Eurozone says Greek reform outline helpful, but needs ‘troika’ scrutiny

The reform outline sent by Greece to eurozone ministers to unblock loans is “helpful,” but needs to be scrutinized by representatives of the country’s creditors, according to the head of the Eurogroup of eurozone finance ministers.

Jeroen Dijsselbloem, whose group meets on Monday to discuss Greece, was responding to a letter he received on Friday from the new left-wing government in Athens asking for an immediate resumption of talks with creditors.

It also described seven reforms it wants to launch to achieve goals agreed to by the previous government.

Once steps to reach these goals are taken, Greece would become eligible for more credit from the euro zone and the International Monetary Fund, and its banks could again finance themselves at European Central Bank open market operations.

But time is pressing because Greece will run out of cash later this month.

“This document will be helpful in the process of specifying the first list of reform measures,” Dijsselbloem said in a written reply to the Greek letter ahead of Monday’s meeting.

Greece’s main creditors are eurozone governments and the IMF. They are represented in talks with Athens by three institutions dubbed the troika – the European Commission, the ECB and the IMF.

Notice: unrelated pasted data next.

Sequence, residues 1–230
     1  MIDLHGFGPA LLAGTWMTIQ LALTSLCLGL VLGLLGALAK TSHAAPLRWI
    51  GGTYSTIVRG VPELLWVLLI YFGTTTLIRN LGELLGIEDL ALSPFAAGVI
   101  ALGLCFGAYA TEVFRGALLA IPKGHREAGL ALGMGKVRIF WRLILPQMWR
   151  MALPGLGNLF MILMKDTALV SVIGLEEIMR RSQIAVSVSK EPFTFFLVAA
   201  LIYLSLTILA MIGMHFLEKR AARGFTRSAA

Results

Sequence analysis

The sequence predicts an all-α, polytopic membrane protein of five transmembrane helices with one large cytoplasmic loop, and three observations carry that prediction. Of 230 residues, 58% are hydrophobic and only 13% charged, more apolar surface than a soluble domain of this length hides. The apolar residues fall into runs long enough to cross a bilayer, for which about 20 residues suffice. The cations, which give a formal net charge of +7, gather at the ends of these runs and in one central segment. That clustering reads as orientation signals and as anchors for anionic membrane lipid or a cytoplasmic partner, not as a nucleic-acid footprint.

“The proposals described in your letter will thus need to be further discussed with the institutions,” Dijsselbloem wrote in the letter, obtained by Reuters.

“Let me also clarify that in the course of the current review the institutions will have to take a broad view covering all policy areas,” Dijsselbloem wrote.

His remarks refer to plans of the new Greek government to replace some of the budget consolidation measures agreed to by the previous government with different reforms.

Eurozone officials say such substitution is fine only if the end result in budgetary terms will be the same.

Greece has asked for the discussions with the institutions take place in Brussels to avoid the connotation of a loss of sovereignty that visits to Athens by troika representatives over the past five years have had for the Greek public.

Even the word troika is anathema to Greeks, hence the references to the institutions.

“We have agreed that the discussions with the joint institutions will take place in Brussels,” Dijsselbloem replied to the request. “Technical work to support this process will be done on the ground in Athens.”

If Greece reaches an agreement on reforms with the creditors’ institutions it could get 1.8 billion euros remaining from the existing 240-billion-euro bailout.

It would also be eligible to get 1.9 billion euros that the European Central Bank made in profits on buying Greek bonds.

“I would encourage you to work in close coordination with the institutions with a view to achieve a speedy and successful conclusion of the review,” Dijsselbloem wrote.


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